In the previous article, I talked about the advantages and disadvantages of using an external flash. If you decided that it is time for you to get one, now you will face the big question: Which one should I buy? I struggled quite a lot before I got my first flash because I didn’t understand well the specifications. In addition, I did not know what I needed to have in order to answer my requirements. Today I will share with you everything I learned in the process of buying a flash. I hope this will make it easier for you!
When you are new into flashes, it might seem that the specifications and reviews are written in another language. TTL, guide number, flash value, zoom coverage, bounce capacity, speed sync…. a lot of new terminology you never heard before! Let’s go over all of them. You will be able to understand flash terminology in a flash (sorry, couldn’t resist the pun)!
Guide number: measures the flash’s ability to illuminate the subject so that it will have a balanced exposure. It is calculated as the distance the subject from the flash times the f-value of the aperture (in order to simplify it, the calculation is usually done with the iso value of 100). This calculation can help you decide on the type of flash you should buy but also can help you to decide on placement in the photo when using the flash you have and your camera settings.
Zoom coverage: indicates how far the light from the flash can reach (and still be effective for the photo). Some flashes can adjust the distance to be synchronized with the zoom of the lens
Bounce capacity: Certain flashes have swivel and tilting heads. This feature enables you to use the flash not only for illuminating your subject with direct light (which can be too hard in certain situations) but also to reflect (or bounce) the light off of surfaces, softening it in the process.
Speed Sync: When using a flash two actions happen: the shutter opens to expose the sensor (or film) to light and it discharges a burst of light onto the subject. In the basic level, these two actions need to be synchronized in order to be effective. In a more advanced level of flash usage, if it fires closer to the moment the shutter opens or having the flash closer to the moment the shutter closes will of light closer to the yield different effects.
TTL: In the camera, you have different modes to choose from: auto, aperture, manual etc. The external flash also has several modes of action. In manual mode, you set it as you want and the settings will remain that way until you change them. In TTL mode your flash changes its settings according to instructions from the camera. The camera tells the flash to discharge twice; first before the shot to allow the camera to adjust the flash settings, and second while taking the shot itself (while the shutter is open) in order to illuminate the subject.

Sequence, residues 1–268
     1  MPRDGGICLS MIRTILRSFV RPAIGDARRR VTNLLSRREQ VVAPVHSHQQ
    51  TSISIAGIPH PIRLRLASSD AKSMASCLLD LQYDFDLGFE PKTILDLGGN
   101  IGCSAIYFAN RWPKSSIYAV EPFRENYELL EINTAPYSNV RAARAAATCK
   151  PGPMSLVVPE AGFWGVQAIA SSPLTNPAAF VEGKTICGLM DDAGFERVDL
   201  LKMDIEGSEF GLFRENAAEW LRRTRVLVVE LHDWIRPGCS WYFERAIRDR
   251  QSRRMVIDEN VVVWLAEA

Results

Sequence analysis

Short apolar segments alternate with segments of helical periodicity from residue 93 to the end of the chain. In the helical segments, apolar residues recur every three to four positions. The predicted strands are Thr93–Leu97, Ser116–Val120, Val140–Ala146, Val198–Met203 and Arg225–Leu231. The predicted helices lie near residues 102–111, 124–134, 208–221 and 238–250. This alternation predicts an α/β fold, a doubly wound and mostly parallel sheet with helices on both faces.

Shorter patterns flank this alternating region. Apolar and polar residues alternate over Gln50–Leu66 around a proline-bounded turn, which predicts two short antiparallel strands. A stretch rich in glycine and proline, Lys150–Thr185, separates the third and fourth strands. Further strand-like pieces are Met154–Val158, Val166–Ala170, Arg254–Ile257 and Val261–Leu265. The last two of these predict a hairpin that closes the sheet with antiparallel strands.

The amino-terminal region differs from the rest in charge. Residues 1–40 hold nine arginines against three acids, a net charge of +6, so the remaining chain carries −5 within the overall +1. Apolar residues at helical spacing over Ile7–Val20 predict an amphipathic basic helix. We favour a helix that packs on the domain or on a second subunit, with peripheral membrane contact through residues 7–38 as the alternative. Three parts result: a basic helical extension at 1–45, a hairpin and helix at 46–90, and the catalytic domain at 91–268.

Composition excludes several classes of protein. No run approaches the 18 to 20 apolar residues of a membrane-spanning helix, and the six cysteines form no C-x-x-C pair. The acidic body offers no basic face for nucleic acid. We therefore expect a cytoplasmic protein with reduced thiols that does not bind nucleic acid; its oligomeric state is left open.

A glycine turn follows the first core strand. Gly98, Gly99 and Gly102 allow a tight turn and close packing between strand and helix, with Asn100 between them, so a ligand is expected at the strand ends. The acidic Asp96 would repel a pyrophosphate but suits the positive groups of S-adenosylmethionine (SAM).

Choosing between one flash model and another will depend on the usage you intend for it. Some of the most frequent uses are:
These were just some examples, meant to give you food for thought while you analyze your future use of the flash and why some flashes might fit better that others. You are the one that knows the type of photos you want to take, so the final decision is yours and it might be different from what I said in the examples.
Prices start at around 10 US Dollars and can go up to hundreds of dollars. Decide on a budget before you start looking. You can find the perfect flash for you and then realize that it is way too expensive and you can´t afford it. I always recommend not spend a lot on the first one you get. You don´t know yet if you are going to use it as much as you think. You might love using flash, but you might also hate it. Getting a flash with good quality/price ratio is always a good choice in my opinion especially when you are trying something new. You can always upgrade to a more expensive one in the future, when you are sure of your needs and real requirements. Also, it is better to make all the beginner’s mistakes done on a cheap piece of equipment than on an expensive one.
You can get a flash from the same brand as your camera or from a totally different company that makes flashes compatible with your camera (third party). There are advantages and disadvantages to the two options.
If you get a flash from the same brand of your camera, the compatibility is assured. Besides, most brand names provide worldwide repair services and most reliable private repair services will also be familiar with them. Moreover, some added value functions such as remote communication between the camera and the flash would work only when using devices of the same brand.
Third party flashes are usually cheaper, making a great option in case you have a budget to consider. Also, you might want it to have features or accessories that are provided by a specific brand.
The advantages of getting a brand new flash are quite obvious, you know exactly what condition it is, you have a warranty and who to contact if you have issues or need of technical support. The major disadvantage is the cost. On the other hand, some people prefer buying second hand equipment when they try a new thing; it’s cheaper, you don’t have the constant fear of scratching it when using it and if you are electronic savvy who likes to fix things by yourself, warranty is not an issue. However, when it comes to flashes you must keep in mind that it has a light-bulb which has a life span measured by how many times it’s been fired (or lit). Make sure it is not going to burn out soon and keep in mind it will entail further expanses and a visit to the service lab.
I hope you’d found my article helpful. If you have any questions, suggestions or remarks feel free to write a comment. Happy shooting!